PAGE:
The rise in Covid-19 cases as a result of the Sabah election also gave rise to the notion that if Muhyiddin could not call a general election immediately to deal with Umno’s threats, an emergency should be declared. Ahead of the November parliamentary session, Muhyiddin attempted to declare an emergency but Malaysia’s king, Sultan Abdullah Sultan Ahmad Shah, rejected the proposal on October 25 after consulting the country’s eight other hereditary Malay rulers.

There was a window of opportunity in late October and early November to negotiate a peace deal in the form of a “confidence and supply agreement”, which would have seen the opposition pass the budget and commit to not causing the fall of the government. Alas, the mistrust at all levels and the temptation of ruling through the state of emergency means the Muhyiddin government did not explore such arrangements, which would potentially have enhanced parliamentary democracy rather than harming it.

The rivalry between Muhyiddin’s party and Umno intensified in the subsequent months. On December 4, Umno and members of the opposition deposed Bersatu’s Faizal Azumu from his position as the head of Perak state in a vote in the state assembly, further intensifying the open warfare within Muhyiddin’s coalition.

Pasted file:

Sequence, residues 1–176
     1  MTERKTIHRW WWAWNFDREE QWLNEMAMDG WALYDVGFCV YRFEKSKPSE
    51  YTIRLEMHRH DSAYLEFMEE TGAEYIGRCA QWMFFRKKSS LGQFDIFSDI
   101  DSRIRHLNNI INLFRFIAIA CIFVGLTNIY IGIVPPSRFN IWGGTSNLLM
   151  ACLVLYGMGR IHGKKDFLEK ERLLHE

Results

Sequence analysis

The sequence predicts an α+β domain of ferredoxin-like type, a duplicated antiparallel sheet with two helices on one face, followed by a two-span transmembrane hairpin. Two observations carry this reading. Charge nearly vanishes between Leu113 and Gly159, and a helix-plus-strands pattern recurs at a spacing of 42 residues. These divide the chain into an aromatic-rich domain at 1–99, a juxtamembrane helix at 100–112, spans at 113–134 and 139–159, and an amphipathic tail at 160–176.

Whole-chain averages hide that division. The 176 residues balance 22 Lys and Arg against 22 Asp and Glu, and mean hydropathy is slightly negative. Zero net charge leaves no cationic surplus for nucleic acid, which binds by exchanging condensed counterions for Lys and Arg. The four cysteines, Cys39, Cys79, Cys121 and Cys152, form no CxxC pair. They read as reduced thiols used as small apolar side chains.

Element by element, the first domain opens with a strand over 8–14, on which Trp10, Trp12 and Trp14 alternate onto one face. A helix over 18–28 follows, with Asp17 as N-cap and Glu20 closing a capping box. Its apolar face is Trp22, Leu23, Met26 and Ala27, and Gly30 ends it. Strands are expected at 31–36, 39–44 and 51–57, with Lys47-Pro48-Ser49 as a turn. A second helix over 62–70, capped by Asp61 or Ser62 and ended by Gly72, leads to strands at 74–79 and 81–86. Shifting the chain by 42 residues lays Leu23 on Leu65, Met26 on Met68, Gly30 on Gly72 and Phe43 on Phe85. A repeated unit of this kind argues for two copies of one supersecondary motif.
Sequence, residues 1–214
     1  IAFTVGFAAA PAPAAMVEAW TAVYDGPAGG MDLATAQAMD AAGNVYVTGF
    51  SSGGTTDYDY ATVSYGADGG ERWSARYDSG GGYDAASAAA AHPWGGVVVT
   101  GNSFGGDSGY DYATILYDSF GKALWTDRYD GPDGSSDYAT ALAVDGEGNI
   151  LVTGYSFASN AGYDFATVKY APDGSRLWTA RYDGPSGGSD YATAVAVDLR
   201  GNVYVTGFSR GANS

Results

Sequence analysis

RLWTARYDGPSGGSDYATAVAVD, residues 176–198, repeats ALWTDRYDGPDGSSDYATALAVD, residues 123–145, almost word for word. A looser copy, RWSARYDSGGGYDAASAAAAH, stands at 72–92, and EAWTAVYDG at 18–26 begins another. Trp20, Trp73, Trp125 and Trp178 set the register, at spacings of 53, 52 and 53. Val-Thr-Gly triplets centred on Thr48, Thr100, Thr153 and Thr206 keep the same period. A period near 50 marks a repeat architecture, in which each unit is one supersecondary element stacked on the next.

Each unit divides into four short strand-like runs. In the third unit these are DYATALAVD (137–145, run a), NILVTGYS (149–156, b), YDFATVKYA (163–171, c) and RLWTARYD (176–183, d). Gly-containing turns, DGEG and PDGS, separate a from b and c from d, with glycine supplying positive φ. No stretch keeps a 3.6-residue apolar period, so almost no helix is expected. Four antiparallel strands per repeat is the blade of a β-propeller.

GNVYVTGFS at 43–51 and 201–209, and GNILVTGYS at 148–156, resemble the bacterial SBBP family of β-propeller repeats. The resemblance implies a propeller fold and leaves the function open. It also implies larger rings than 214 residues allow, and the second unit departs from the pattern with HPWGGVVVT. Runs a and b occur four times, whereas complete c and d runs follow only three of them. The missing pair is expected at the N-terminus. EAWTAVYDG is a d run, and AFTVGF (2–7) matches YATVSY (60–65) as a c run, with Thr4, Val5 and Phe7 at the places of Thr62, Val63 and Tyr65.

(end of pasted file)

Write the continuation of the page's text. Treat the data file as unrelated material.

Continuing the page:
The final count during parliament’s Budget 2021 session on December 15 showed that the Muhyiddin government received 111 votes while the opposition had 108 votes. Several Umno MPs began to withdraw their support for Muhyiddin, including former minister Nazri Aziz, who made his announcement on January 12 – the day the emergency was proclaimed.

The Malaysian voters defeated the one-party rule of Umno-Barisan Nasional in May 2018, yet the emergency proclamation this January is the final nail in the coffin of that democratic experiment.

The other set of ironies is that a weak prime minister who came to his position through a parliamentary coup, and is on the verge of losing power, now has unfettered powers under the emergency and no need to be accountable to parliament.

The king’s announcement stipulated that the emergency would end on August 1 or earlier, subject to the advice of an independent committee’s assessment of the Covid-19 situation. Muhyiddin has promised to call a general election as soon as the Covid-19 situation subsides.

But what if the prime minister’s popularity goes further south and his party no longer has a viable path to victory, would he give up his powers to call for a general election? I have my doubts. Herein lies the fear of authoritarian slide.

In the months to come, Muhyiddin is expected to turn against the Umno leaders, particularly Najib and Zahid, in a more concerted manner – as the only way he can be victorious in a future election is to divide and conquer Umno. Along the way, the opposition is likely to be collateral damage, too.

If there is anything to hope for, Malaysia in 2021 is not 1969. There is a huge population of swing voters who have high expectations of the government and who would not tolerate the return to one-party state authoritarian rule.

While Muhyiddin attempted to turn the clock back through the emergency, Malaysians will move forward, nonetheless.

*This opinion piece was first published on the South China Morning Post on 16th January 2021 https://www.scmp.com/week-asia/opinion/article/3117947/malaysias-two-emergencies-why-2021s-freeze-democracy-not-trouble